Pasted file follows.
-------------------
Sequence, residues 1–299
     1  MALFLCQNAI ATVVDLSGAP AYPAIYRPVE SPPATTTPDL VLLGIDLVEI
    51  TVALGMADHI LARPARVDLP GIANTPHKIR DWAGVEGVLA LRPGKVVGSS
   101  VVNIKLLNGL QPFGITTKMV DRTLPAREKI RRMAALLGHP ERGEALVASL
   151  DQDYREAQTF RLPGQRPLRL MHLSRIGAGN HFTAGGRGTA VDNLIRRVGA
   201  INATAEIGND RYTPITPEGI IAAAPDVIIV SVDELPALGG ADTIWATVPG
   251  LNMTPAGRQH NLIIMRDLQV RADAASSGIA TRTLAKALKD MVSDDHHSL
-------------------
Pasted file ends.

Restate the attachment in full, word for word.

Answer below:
Sequence, residues 1–299
     1  MALFLCQNAI ATVVDLSGAP AYPAIYRPVE SPPATTTPDL VLLGIDLVEI
    51  TVALGMADHI LARPARVDLP GIANTPHKIR DWAGVEGVLA LRPGKVVGSS
   101  VVNIKLLNGL QPFGITTKMV DRTLPAREKI RRMAALLGHP ERGEALVASL
   151  DQDYREAQTF RLPGQRPLRL MHLSRIGAGN HFTAGGRGTA VDNLIRRVGA
   201  INATAEIGND RYTPITPEGI IAAAPDVIIV SVDELPALGG ADTIWATVPG
   251  LNMTPAGRQH NLIIMRDLQV RADAASSGIA TRTLAKALKD MVSDDHHSL